However, the knowledge regarding breastfeeding also impacts the situation. Migrant mothers are often unaware of the benefits of colostrum or the first yellow milk in immunity building in the child and the solutions to the physiological problems related to breastfeeding like reduction in milk are also unknown to them. These also work as barriers to the issue.Organisations like World Food Program USA, the United Nations play a major role in addressing health-related situations among other aspects in refugee camps across the world. Breastfeeding mothers have medical Needs and in life-saving treatment can strengthens the mothers’ life, it is however, present in Australia. Local authorities can arrange nutritional foods so that the mothers can produce the milk for their babies and reuniting the refugee members owing to refugee displacement can also make mentally satisfied the mothers. This guidance includes both counselling of the mothers as well as supply of nutritional supplements to ensure healthy food habits.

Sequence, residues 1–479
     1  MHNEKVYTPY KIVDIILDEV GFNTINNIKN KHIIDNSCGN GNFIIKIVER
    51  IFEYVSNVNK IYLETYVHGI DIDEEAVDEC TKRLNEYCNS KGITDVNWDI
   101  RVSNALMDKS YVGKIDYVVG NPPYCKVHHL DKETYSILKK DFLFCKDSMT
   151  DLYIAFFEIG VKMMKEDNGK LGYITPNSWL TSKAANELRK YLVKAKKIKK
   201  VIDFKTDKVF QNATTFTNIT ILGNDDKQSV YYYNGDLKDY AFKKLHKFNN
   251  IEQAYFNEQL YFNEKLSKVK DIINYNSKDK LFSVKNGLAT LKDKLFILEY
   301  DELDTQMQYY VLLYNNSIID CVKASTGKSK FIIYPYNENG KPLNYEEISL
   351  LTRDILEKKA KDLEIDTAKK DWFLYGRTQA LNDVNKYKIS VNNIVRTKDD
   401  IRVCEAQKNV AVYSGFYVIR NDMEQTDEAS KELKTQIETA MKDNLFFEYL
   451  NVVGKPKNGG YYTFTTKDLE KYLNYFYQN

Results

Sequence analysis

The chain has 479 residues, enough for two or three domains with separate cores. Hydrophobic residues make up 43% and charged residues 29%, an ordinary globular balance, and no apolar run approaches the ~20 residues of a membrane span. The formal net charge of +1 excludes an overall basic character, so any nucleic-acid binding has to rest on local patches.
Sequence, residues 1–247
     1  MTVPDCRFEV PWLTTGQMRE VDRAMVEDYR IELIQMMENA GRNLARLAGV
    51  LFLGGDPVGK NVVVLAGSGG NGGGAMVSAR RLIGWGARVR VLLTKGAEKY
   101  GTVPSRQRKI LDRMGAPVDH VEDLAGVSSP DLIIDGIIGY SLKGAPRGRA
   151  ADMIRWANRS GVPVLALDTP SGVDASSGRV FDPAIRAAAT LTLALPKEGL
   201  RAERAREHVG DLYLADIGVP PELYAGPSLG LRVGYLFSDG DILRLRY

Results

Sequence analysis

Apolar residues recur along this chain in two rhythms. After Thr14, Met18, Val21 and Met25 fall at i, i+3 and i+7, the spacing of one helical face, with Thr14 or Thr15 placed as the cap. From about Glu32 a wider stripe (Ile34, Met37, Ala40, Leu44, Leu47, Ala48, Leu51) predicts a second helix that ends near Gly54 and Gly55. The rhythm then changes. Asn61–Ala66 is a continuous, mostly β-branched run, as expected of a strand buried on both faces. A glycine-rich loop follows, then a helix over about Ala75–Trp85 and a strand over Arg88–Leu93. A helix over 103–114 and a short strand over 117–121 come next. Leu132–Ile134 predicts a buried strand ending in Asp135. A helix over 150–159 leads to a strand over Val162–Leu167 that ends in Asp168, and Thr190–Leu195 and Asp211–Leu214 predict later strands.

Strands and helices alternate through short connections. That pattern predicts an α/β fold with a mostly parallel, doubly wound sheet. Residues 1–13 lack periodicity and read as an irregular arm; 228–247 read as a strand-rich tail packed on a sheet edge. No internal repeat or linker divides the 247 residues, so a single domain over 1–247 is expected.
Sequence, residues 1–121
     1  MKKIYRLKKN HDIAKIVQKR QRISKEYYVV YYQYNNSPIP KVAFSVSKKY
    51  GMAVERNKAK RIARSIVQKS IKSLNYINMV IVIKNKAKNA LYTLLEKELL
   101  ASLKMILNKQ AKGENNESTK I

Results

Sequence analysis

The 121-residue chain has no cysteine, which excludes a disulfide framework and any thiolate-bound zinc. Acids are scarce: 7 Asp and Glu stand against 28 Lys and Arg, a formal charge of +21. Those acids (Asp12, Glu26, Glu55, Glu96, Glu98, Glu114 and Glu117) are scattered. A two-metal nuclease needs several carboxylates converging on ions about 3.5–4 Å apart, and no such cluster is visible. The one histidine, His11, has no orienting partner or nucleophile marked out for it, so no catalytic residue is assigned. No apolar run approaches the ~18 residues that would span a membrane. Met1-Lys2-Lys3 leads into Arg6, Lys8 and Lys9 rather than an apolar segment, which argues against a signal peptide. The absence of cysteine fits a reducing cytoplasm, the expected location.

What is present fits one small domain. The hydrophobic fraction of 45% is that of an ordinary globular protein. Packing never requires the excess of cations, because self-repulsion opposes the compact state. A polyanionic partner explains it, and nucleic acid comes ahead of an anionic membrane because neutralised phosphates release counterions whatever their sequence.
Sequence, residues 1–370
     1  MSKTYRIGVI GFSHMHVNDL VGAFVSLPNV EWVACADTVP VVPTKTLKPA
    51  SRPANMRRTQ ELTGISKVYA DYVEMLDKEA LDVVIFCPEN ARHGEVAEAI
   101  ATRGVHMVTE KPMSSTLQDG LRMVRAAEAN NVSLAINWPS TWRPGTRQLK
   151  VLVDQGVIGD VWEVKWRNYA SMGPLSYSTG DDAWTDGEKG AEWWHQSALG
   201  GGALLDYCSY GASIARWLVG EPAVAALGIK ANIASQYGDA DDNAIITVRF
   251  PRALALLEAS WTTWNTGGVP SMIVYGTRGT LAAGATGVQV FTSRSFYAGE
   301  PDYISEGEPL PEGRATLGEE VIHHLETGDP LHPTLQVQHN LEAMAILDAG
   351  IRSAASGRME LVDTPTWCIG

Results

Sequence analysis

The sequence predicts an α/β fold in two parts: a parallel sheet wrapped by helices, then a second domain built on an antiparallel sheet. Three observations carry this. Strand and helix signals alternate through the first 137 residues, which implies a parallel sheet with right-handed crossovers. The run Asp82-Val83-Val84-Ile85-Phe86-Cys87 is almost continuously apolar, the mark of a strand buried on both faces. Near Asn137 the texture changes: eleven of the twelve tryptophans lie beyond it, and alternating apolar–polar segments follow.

Critical discussion around evidence-based approaches to address the issues for the lactating refugee mothers
The refugee crisis is declared to be a global humanitarian crisis pushing millions of people to unsanitary, unhygienic conditions and malnutrition. To discuss the intervention of global organisations in this issue, this report uses the instance of the United Nations’ assistance to the Rohingya refugees residing in Cox’s Bazar in Bangladesh.
The United Nations World Food Programme assists the refugee mothers and children by providing them with customised rations, education about nutrition, health and hygiene and counselling for the lactating mothers.